Stress in pregnancy passed down for generations
Scientists investigating pregnancies in four generations of rats show that inherited epigenetic effects of stress could affect pregnancies for generations.
To better understand problems during pregnancies today, we should look to the experiences of our ancestors, research published in the open access journal BMC Medicine suggests.
Researchers from the University of Lethbridge in Canada wanted to investigate how preterm births are influenced by stress.
Preterm birth is one of the leading causes of neonatal death and can lead to health problems later in life.
Scientists examined the length of pregnancies in rats because in general there is very little variation between them.
A first generation of rats were subjected to stress late in pregnancy. The following two generations were then split into two groups that were either stressed or not stressed. The daughters of stressed rats had shorter pregnancies than the daughters of those who had not been. Remarkably, the grand-daughters of stressed rats had shorter pregnancies, even if their mothers had not been stressed.
As well as shorter pregnancies, rats whose grandmothers and mothers experienced stress displayed higher glucose levels than the control group. In addition, rats whose grandmothers or mothers who were stressed weighed less.
"We show that stress across generations becomes powerful enough to shorten pregnancy length in rats and induce hallmark features of human preterm birth. A surprising finding was that mild to moderate stress during pregnancy had a compounding effect across generations. Thus, the effects of stress grew larger with each generation."
Gerlinde Alexandra Metz, PhD, Canadian Centre for Behavioural Neuroscience, University of Lethbridge, CA, senior author of the article.
Gerlinde Metz: "Previous epigenetic studies have mainly focused on inheritance of DNA methylation signatures. What we didn't know was whether microRNAs, which are important biomarkers of human disease, can be generated by experiences and inherited across generations. We have now shown that maternal stress can generate miRNA modifications with effects across several generations."
The researchers believe that these changes are due to epigenetics - the arrangement and expression of our genes. In most cases this refers to DNA methylation of the nucleotide base pairs. In this study the researchers believe the epigenetic changes are due to microRNA (miRNA) - non-coding RNA molecules that play a role in regulating gene expression.
Further work needs to be done to understand the mechanisms that generate these epigenetic signatures and how they are passed down from generation to generation. With more knowledge of these mechanisms it may be possible to predict and prevent preterm pregnancy but also other diseases.
Gerlinde Metz: "The findings have implications outside of pregnancy, in that they suggest the causes of many complex diseases could be rooted in the experiences of our ancestors. When we better understand the mechanisms of inherited epigenetic signatures, we can predict disease risk and potentially reduce the future risk of illness."
Chronic stress is considered to be one of many causes of human preterm birth (PTB), but no direct evidence has yet been provided. Here we show in rats that stress across generations has downstream effects on endocrine, metabolic and behavioural manifestations of PTB possibly via microRNA (miRNA) regulation.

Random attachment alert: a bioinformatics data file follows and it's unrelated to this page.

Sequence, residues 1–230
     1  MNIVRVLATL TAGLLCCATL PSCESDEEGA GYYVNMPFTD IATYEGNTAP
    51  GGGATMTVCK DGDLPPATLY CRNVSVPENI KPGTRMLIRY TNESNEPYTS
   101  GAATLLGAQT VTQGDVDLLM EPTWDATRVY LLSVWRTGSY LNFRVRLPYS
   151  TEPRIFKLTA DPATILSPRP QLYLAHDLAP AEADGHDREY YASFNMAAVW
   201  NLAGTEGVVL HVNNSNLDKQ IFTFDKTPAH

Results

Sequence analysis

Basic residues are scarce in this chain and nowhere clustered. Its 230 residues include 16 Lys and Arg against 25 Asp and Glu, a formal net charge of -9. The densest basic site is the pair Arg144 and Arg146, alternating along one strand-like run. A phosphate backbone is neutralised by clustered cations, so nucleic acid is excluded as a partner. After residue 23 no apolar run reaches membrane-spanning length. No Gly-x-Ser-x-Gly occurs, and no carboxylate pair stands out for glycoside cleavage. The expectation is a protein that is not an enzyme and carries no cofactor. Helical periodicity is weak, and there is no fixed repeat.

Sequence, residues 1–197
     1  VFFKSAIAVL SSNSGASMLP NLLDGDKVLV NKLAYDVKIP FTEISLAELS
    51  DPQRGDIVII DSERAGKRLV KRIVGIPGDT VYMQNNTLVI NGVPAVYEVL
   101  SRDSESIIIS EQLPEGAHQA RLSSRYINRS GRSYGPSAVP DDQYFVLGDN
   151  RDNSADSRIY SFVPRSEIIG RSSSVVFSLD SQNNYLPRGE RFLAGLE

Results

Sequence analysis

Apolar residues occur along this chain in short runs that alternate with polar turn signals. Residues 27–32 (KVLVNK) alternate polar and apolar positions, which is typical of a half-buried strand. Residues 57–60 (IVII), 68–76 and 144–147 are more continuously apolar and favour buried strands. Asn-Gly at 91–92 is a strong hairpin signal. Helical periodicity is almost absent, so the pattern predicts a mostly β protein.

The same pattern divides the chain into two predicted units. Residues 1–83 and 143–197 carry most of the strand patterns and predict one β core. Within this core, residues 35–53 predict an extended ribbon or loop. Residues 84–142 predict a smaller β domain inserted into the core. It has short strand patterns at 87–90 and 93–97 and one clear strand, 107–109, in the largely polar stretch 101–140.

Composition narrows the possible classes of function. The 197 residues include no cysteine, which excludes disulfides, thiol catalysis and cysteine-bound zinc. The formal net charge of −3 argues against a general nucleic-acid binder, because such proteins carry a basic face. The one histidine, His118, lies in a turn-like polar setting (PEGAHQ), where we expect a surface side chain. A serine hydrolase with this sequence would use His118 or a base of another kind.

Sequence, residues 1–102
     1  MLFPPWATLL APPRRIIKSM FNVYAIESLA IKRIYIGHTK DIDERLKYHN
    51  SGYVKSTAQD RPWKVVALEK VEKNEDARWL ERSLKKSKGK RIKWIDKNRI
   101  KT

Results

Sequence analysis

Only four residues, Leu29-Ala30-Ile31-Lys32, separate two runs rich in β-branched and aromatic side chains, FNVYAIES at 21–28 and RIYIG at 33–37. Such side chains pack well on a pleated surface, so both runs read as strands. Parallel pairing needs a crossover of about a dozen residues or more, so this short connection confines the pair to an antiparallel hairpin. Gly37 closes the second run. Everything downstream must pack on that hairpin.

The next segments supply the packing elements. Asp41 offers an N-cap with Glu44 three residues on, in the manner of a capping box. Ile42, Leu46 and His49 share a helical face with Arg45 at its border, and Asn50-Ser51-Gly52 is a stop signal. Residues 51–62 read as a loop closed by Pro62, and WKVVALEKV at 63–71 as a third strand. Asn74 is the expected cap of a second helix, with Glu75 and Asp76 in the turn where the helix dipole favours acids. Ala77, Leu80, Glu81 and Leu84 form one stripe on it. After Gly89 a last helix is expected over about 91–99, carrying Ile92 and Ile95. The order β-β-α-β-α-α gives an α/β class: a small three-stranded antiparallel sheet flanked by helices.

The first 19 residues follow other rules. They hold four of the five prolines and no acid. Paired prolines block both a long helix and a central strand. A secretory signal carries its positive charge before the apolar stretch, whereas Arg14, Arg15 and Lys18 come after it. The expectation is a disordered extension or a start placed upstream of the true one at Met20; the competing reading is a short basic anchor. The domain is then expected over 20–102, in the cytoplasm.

Pregnant dams of the parental generation were exposed to stress from gestational days 12 to 18. Their pregnant daughters (F1) and grand-daughters (F2) either were stressed or remained as non-stressed controls. Gestational length, maternal gestational weight gain, blood glucose and plasma corticosterone levels, litter size and offspring weight gain from postnatal days 1 to 30 were recorded in each generation, including F3. Maternal behaviours were analysed for the first hour after completed parturition, and offspring sensorimotor development was recorded on postnatal day (P) 7. F0 through F2 maternal brain frontal cortex, uterus and placenta miRNA and gene expression patterns were used to identify stress-induced epigenetic regulatory pathways of maternal behaviour and pregnancy maintenance.
Progressively up to the F2 generation, stress gradually reduced gestational length, maternal weight gain and behavioural activity, and increased blood glucose levels. Reduced offspring growth and delayed behavioural development in the stress cohort was recognizable as early as P7, with the greatest effect in the F3 offspring of transgenerationally stressed mothers. Furthermore, stress altered miRNA expression patterns in the brain and uterus of F2 mothers, including the miR-200 family, which regulates pathways related to brain plasticity and parturition, respectively. Main miR-200 family target genes in the uterus, Stat5b, Zeb1 and Zeb2, were downregulated by multigenerational stress in the F1 generation. Zeb2 was also reduced in the stressed F2 generation, suggesting a causal mechanism for disturbed pregnancy maintenance. Additionally, stress increased placental miR-181a, a marker of human PTB.
The findings indicate that a family history of stress may program central and peripheral pathways regulating gestational length and maternal and newborn health outcomes in the maternal lineage. This new paradigm may model the origin of many human PTB causes.
Return to top of page